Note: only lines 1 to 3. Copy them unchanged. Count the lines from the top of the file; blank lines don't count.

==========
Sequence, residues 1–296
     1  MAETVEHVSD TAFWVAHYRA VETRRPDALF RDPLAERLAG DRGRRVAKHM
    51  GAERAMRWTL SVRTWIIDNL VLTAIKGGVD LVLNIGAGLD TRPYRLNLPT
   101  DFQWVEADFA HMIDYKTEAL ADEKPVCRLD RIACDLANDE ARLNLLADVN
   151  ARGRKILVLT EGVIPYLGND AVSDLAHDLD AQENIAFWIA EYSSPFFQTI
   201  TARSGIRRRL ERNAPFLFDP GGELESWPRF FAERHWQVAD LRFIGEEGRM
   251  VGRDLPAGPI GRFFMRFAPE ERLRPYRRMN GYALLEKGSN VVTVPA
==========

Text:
Sequence, residues 1–296
     1  MAETVEHVSD TAFWVAHYRA VETRRPDALF RDPLAERLAG DRGRRVAKHM
    51  GAERAMRWTL SVRTWIIDNL VLTAIKGGVD LVLNIGAGLD TRPYRLNLPT